Witnessing the last breaths of the public-union leviathan?

The cri de
guerre
of public-sector unions worldwide is worker’s rights, due process,
and fair play. Behind the lofty rhetoric, however, are institutions at odds
with a society’s right to self-government. Born in the 1930s, public-sector
unions were initially mistrusted by liberals and conservatives alike. In a 1937
letter, FDR noted that self-interested public-sector unions threatened
government’s ability to represent the broad needs of the citizenry. Yet they
gained much traction during the tumultuous 1960s and 1970s—with many Democratic
politicians using them as a fecund source of political support. And they’ve
grown in strength since, now representing one of the world’s most powerful
interest groups. Confronting intrinsic issues with public-sector unions, such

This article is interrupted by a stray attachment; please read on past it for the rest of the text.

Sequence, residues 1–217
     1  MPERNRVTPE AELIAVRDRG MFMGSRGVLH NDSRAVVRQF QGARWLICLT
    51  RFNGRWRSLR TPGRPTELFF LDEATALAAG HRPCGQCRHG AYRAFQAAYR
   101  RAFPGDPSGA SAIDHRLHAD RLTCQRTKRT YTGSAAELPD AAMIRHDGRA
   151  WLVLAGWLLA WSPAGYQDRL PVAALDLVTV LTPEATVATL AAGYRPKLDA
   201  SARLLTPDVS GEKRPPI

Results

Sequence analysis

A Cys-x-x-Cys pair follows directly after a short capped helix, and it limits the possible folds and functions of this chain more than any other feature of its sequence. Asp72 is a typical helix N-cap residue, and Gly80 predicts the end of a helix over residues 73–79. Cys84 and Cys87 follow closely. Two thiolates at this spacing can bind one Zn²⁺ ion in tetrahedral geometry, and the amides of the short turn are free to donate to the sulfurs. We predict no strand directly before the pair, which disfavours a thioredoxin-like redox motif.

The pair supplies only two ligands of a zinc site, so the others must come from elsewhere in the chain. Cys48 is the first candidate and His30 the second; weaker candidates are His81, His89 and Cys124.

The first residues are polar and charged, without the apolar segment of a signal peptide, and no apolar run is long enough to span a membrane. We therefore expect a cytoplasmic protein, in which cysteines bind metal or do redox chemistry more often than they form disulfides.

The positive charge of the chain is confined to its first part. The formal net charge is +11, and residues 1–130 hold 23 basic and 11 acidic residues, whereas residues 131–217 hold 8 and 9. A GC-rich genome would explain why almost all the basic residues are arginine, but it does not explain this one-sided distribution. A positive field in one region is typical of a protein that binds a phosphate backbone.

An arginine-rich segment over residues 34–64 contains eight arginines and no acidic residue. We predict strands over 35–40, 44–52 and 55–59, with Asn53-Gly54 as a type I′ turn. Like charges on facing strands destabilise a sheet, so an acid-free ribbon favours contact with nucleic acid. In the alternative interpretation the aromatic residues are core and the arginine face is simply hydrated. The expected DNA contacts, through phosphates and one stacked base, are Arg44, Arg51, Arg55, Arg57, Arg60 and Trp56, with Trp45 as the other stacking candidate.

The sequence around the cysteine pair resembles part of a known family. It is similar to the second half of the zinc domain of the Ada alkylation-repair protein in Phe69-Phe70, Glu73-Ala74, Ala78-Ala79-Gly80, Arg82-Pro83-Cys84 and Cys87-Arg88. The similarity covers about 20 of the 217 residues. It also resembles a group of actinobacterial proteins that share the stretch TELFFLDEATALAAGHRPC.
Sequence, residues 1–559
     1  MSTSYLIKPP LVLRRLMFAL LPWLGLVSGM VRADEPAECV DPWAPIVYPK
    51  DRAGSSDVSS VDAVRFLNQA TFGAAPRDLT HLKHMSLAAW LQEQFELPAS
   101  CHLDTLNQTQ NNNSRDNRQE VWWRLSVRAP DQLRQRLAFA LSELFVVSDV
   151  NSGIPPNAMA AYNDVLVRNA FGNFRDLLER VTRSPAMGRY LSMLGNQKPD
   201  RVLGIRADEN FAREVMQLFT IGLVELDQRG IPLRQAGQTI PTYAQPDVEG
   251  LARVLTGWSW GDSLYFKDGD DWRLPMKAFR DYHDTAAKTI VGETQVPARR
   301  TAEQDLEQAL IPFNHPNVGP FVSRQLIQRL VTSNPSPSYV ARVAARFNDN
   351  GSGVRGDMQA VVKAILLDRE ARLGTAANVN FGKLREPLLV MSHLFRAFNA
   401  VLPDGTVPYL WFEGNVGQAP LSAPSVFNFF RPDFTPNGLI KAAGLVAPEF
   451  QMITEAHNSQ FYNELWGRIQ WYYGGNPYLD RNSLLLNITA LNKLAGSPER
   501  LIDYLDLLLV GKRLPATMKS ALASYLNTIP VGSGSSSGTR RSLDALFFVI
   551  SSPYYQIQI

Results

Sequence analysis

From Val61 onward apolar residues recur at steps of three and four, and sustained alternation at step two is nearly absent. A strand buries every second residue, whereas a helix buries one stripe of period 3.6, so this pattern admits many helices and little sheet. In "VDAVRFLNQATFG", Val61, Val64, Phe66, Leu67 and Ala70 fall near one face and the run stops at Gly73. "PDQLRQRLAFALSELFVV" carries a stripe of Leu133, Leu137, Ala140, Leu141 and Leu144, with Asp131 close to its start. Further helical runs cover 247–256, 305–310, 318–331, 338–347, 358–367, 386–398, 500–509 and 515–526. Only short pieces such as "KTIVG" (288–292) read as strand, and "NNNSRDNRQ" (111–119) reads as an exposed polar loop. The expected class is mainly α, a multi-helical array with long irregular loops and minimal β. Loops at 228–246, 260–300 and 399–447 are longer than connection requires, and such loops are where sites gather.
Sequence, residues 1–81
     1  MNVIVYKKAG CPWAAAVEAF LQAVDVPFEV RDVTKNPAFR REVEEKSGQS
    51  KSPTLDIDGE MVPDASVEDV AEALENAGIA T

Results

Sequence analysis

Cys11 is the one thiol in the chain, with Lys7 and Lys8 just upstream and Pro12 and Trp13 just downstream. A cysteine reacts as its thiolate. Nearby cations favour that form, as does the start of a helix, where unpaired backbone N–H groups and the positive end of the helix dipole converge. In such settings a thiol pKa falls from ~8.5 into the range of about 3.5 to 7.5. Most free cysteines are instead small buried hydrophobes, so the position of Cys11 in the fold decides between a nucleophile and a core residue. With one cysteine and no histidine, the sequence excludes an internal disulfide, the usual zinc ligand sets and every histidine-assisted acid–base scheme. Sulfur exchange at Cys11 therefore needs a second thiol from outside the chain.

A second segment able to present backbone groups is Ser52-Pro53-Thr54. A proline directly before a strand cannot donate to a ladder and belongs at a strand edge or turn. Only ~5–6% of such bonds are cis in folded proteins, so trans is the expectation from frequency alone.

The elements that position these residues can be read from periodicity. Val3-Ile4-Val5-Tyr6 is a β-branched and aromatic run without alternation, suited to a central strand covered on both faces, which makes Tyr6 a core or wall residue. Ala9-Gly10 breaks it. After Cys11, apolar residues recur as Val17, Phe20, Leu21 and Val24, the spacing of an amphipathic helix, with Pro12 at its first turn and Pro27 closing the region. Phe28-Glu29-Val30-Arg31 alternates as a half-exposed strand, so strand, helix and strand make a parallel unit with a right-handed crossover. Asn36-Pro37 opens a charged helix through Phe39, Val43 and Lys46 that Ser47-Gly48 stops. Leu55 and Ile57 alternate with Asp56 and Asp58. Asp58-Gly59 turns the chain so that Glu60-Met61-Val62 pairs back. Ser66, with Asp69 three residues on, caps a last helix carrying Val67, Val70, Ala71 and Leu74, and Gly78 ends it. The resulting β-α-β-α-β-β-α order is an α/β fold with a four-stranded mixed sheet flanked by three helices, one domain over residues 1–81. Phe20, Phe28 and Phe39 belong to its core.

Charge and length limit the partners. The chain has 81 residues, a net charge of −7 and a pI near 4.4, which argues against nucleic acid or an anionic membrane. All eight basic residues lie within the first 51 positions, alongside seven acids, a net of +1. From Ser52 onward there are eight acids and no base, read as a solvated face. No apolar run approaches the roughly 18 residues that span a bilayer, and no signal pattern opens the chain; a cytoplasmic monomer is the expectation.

as pensions and tenure, will be a hard-fought battle, and not just in the U.S. For
they are masters of diverting attention from strategic to tactical questions. Still,
today’s era of austerity—and mounting anger
about this privileged class of employees—may yet provide the best opportunity
to try.

How
Public Unions Took Taxpayers Hostage
,” by Fred Siegel, Wall Street Journal, January 25, 2011.

Public-sector
workers: (Government) workers of the world unite!
,” The Economist, January 6, 2011.

More By Author